Christian E. Christiansen, director of euro-thriller ID:A, may have had in mind Godard’s oft-cited comment that to make a movie all you need is a girl and a gun. He may have had in mind, too, the premise of the first of the Bourne series, since his film begins with a girl, a gun, a bag full of cash and a protagonist who has no memory.

She (Tuva Novotny) recovers consciousness and finds herself lying in a river. Having soon established that she is probably Danish since she can best understand the Danish guide books in the picturesque French village where she first seeks shelter, she decides to head to Copenhagen in order to discover her identity. Christiansen’s film begins at a pace: sinister figures are as keen to find our protagonist as she is to find herself and are in pursuit from early on. The film affords us certain generic pleasures – the moody lighting and swift editing, the amnesiac lead character, the political intrigue (a news item that she sees in a bar which reports the local murder of a politician is not without significance), but Christiansen forgets that what most determines the success of the amnesiac thriller is the protagonist’s failure to remember. This is what makes the The Bourne Identity (2002) so entertaining, Christopher Nolan’s Memento (2000) so gripping, and what has underpinned the many other films (from Hitchcock’s Spellbound [1945] to Lynch’s Mulholland Drive [2001]) made over the years.

(The following paragraph contains spoilers) Revealing too much, too early would be acceptable if the premise were not ludicrous. The self-named Aliena discovers that she is in fact Ida, wife of Just, a celebrated Danish tenor, who is not overjoyed to see his wife (and not because of her Bourne-style makeover, the DIY bob haircut). Just, played by Flemming Enevold, who some may recognise from Ole Christian Madsen’s slick resistance thriller, Flame and Citron, is someone you would want to forget. But he is not just a wife beater, which detail alone might have sustained the film, he is also the head of a Communist terrorist group (we know they are terrorists because they drive a white van; we know they are Communists because they say they are). All this is revealed at the point of near death when Just is strangling his wife. The long flashback sequence fills the gaps in Ida’s memory, not just about her psychopathic husband but also about her gay, lapsed Communist terrorist brother (Carsten Bjørnlund) whose boyfriend was the French politician discovered murdered at the beginning of the film.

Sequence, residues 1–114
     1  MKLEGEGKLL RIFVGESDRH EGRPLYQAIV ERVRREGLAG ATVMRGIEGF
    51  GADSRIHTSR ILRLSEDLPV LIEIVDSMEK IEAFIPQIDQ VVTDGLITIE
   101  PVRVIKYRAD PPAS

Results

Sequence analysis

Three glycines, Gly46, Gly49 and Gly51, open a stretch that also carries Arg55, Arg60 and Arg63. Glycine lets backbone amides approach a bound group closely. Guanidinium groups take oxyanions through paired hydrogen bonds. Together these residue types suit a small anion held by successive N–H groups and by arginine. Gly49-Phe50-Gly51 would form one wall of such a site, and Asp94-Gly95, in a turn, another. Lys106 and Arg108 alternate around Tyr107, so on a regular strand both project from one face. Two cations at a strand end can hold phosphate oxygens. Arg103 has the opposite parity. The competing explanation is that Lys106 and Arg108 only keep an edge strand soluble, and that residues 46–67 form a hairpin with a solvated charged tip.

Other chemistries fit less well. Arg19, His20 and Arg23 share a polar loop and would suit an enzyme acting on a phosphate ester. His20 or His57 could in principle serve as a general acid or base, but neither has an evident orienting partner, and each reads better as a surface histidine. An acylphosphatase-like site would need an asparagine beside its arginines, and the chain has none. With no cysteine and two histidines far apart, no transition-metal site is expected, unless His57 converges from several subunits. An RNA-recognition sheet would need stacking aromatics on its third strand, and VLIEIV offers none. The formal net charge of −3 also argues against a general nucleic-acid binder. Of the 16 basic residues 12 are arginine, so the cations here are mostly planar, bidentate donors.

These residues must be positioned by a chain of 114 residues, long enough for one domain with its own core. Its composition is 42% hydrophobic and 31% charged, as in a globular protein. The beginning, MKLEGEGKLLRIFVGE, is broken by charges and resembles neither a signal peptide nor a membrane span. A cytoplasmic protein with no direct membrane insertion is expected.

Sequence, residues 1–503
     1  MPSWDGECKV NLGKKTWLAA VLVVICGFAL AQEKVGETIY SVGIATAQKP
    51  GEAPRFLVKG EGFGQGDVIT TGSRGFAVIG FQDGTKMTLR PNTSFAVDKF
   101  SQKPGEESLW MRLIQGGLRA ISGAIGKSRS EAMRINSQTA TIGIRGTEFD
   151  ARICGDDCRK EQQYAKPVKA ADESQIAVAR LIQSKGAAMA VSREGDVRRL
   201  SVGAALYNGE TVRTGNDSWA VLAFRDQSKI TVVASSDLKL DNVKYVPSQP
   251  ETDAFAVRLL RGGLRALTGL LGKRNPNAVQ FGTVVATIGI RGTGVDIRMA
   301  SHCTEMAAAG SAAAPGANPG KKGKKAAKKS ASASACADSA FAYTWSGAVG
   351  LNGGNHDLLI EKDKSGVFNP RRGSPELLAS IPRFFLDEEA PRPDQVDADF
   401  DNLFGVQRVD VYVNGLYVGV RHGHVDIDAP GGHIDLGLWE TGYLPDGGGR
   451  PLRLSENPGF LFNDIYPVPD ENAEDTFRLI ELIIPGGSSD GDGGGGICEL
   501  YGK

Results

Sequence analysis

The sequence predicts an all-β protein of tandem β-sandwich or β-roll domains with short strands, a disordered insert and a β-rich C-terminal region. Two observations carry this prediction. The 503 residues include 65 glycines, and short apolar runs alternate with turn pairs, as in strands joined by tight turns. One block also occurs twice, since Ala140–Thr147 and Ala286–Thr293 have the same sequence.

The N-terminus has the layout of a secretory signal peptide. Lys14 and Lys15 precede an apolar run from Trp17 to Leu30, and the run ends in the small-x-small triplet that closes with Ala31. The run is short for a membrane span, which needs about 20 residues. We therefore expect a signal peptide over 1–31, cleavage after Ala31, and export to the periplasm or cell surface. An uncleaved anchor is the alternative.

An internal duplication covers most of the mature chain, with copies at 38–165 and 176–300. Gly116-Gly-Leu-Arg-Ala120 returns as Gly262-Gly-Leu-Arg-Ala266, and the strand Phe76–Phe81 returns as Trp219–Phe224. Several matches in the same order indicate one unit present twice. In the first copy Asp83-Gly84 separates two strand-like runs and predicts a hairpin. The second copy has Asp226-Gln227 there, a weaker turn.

ID:A may generate some attention because of the long held interest in fugue state protagonists and the recent vogue for Scandinavian television thrillers, whose intricate plots are often carefully developed over many episodes. The photography is crisp and the editing fast, however the film is so overblown, the plot so fanciful that you can’t help but think that Christiansen’s film would have been better if the plot had stuck to just a girl and a gun.